When I look into these very small sections of  VFAs and see few people  I understand  why CHNS was established and why this park is managed by the NPS. There is specific value, both culturally and historically, that is enumerated in the enabling legislation  in identifying and preserving  sparsely used unencumbered shorelines (primitive wilderness). I am glad  (even in a token way) that a small section has been identified and managed with those goals in mind.

Compromise....grand concept.

Compromise....grand concept. Compromise seems to mean packed beaches in concentrated areas to me. Not only does the area lose it's charm when those are the conditions you are dealing with in the late/past peak season, but it seems like having people on top of each other like that would be more damaging to what's left open.

How many nests were in the South Beach area this year?

"In my opinion the South Beach in the last 50 years had lost all of it primitive wilderness aspect by being "discovered" by day campers in SUVs. All of these beaches were sparsely visited when the park was established. Commercial fishing was the cultural historical use of these remote areas not 1000's of day campers parked on the beaches."

Recreational fishing and calmer waters swimming have also always been part of the cultural historical use of these remote areas. And never have been 1000s of "day campers" in that area, your opinion would have been more sincere sounding without false dramatization. At best there was a couple hundred vehicles on the bustiest holiday weekends and that is not the norm.

"There is specific value, both culturally and historically, that is enumerated in the enabling legislation in identifying and preserving sparsely used unencumbered shorelines (primitive wilderness). I am glad (even in a token way) that a small section has been identified and managed with those goals in mind."

The enabling legislation made this identification and designated the northern most 13 miles of the island, they called Pea Island National Wildlife Refuge. These 13 miles were originally part of the Cape Hatteras National Seashore Recreational Area.

How many nests were in the South Beach area this year? How many months was this completely off limits to everyone, except for NPS biotechs driving all over place trying to find birds? I support reasonable closures for nesting birds but don't support "VFA"s or "pedestrian only area" designation of this area. Fact is that ORV use of this area would reduce vegetation and actually make it more favorable for nesting shorebirds.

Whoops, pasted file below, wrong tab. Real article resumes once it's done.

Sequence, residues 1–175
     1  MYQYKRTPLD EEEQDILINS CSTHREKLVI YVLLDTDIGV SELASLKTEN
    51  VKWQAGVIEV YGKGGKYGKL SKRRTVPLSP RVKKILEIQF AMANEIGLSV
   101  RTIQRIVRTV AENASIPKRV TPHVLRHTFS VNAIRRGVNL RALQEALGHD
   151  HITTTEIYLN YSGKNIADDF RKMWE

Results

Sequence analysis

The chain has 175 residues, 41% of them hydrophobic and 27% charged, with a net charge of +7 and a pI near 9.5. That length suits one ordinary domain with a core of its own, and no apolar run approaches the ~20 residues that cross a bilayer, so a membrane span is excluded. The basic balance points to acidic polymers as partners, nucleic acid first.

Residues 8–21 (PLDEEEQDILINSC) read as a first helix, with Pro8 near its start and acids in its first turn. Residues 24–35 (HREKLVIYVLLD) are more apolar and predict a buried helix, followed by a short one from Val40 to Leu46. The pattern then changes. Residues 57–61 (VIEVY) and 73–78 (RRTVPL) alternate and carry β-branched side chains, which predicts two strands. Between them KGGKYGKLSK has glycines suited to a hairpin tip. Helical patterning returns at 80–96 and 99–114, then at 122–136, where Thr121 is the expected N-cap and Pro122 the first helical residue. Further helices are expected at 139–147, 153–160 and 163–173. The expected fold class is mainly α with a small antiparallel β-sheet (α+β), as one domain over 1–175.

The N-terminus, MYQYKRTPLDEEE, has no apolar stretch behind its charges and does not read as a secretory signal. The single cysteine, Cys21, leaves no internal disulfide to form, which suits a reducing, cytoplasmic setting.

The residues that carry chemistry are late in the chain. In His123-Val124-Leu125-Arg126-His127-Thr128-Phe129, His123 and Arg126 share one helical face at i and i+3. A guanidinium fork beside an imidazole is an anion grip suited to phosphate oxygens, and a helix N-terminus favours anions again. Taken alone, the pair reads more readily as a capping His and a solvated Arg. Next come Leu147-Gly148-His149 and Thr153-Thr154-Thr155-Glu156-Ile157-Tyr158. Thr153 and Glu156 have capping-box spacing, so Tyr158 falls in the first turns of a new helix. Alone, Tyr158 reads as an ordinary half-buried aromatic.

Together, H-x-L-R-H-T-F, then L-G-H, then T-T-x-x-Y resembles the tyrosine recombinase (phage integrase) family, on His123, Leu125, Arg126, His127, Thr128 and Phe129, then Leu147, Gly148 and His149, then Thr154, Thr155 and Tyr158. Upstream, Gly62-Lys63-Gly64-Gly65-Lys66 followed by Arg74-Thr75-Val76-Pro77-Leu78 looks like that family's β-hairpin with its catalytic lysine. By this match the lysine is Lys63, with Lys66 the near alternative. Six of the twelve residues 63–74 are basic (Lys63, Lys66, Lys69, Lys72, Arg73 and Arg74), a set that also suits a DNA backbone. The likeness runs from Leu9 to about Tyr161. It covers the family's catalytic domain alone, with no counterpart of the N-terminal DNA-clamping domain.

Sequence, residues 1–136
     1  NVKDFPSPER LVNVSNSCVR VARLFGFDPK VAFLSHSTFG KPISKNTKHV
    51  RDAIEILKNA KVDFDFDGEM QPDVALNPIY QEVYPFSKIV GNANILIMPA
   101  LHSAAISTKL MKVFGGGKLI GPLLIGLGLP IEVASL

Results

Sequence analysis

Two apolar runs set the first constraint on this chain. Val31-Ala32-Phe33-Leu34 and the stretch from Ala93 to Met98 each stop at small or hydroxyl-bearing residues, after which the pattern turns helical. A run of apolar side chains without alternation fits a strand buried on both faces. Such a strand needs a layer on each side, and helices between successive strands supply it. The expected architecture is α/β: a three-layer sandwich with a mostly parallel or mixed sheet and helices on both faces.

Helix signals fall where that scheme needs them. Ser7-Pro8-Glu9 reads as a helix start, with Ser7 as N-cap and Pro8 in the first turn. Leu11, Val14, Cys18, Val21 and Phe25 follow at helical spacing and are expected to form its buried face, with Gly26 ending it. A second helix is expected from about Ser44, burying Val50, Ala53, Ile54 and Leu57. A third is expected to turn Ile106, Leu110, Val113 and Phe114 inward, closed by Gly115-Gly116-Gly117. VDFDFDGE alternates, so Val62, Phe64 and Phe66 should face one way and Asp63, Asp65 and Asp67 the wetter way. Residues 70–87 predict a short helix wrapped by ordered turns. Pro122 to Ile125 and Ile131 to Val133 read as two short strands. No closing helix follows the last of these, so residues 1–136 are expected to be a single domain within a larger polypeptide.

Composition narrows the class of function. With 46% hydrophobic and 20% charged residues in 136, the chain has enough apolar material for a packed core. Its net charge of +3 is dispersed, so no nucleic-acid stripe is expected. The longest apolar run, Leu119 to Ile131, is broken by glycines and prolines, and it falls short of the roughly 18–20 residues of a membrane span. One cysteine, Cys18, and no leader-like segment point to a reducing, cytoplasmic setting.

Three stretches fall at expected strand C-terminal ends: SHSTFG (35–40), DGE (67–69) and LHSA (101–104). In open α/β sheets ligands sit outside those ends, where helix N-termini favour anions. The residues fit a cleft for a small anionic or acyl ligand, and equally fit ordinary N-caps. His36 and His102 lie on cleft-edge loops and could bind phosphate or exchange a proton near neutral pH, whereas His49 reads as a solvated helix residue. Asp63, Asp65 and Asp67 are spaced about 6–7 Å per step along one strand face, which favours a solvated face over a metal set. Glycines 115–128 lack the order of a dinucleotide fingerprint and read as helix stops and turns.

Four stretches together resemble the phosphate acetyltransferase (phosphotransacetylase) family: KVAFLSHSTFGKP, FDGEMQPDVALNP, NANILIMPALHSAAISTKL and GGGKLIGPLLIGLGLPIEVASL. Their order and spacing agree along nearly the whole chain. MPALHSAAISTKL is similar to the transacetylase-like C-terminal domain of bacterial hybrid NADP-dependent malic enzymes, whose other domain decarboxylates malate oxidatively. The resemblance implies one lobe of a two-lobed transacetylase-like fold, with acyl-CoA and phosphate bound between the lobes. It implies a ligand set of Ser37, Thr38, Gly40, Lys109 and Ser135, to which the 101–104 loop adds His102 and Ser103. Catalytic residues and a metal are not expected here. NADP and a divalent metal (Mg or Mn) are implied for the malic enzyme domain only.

Not the cultural historical tradition

The south beach is not the only calm swimming water or fishing area  in the Park. You  could still safely do both in other places in the park. The 1000's of day campers was in reference to all of CHNS not just the few miles of south beach and should have been in a separate paragraph. I didn't mean to imply there were 1000's of vehicles parked on South Beach. However before the final rule  there were no quotas to keep that from happening. The section  of south beach that is now a VFA  might on a busy day have had a car parked every 50"feet.  Under the currant  regulations a 2 mile stretch of beach could have 528 cars parked there. This is not the recreational experience I want to participate in. I don't believe  this kind of visitation, 100's of vehicles crammed on narrow a beach (narrow as compared to 50 years ago) is what is supported in the EL  for CHNS nor is it the cultural historical tradition of  Hatteras Island.   VFA on the south beach were conceived as a way to provide  resting and feeding areas for birds  not  providing vehicle free pedestrian access or preserving primitive wilderness, not that it doesn't also address those uses.

Walking is an old and established cultural tradition of accessing the Park. 

The issue for Audubon is   protecting critical species not restricting recreational opportunities. 

There is nothing written that suggests that PINWR was to be the "primitive wilderness" designated for CHNS. PINWR is managed by FWS to  protect and improve natural resources (migratory  birds) they decided no vehicles on the beach as a way to facilitate their mission. 

Using ORVs for habitat improvement by destroying native plants is counter intuitive. You would still have to restrict driving from pre-nesting, nesting,  chicks had fledged and provide some resting and feeding areas.

Helping Birds by Wiping Out Native Plants. Yeah, right.

You cannot be serious. Nuking native vegetation with ORVs (as was done traditionally before the new regs) would HELP birds? Hello!!! Please explain why the birds and sea turtles plummeted until ORVs were modestly controlled in 2008 and have steadily increased since. Want stats? Read my piece.